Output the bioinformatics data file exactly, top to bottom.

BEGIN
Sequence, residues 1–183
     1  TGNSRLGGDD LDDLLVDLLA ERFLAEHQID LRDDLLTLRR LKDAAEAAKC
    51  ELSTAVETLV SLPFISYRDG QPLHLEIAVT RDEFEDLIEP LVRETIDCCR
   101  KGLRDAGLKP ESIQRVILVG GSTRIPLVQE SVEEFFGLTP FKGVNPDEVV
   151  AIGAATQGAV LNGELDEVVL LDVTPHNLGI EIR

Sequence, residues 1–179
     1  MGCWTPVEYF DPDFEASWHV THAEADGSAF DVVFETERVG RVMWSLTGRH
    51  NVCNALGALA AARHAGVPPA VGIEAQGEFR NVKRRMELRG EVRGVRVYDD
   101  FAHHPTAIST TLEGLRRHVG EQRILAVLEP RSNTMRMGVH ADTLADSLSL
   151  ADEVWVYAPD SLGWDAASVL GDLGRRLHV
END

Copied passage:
Sequence, residues 1–183
     1  TGNSRLGGDD LDDLLVDLLA ERFLAEHQID LRDDLLTLRR LKDAAEAAKC
    51  ELSTAVETLV SLPFISYRDG QPLHLEIAVT RDEFEDLIEP LVRETIDCCR
   101  KGLRDAGLKP ESIQRVILVG GSTRIPLVQE SVEEFFGLTP FKGVNPDEVV
   151  AIGAATQGAV LNGELDEVVL LDVTPHNLGI EIR

Sequence, residues 1–179
     1  MGCWTPVEYF DPDFEASWHV THAEADGSAF DVVFETERVG RVMWSLTGRH
    51  NVCNALGALA AARHAGVPPA VGIEAQGEFR NVKRRMELRG EVRGVRVYDD
   101  FAHHPTAIST TLEGLRRHVG EQRILAVLEP RSNTMRMGVH ADTLADSLSL
   151  ADEVWVYAPD SLGWDAASVL GDLGRRLHV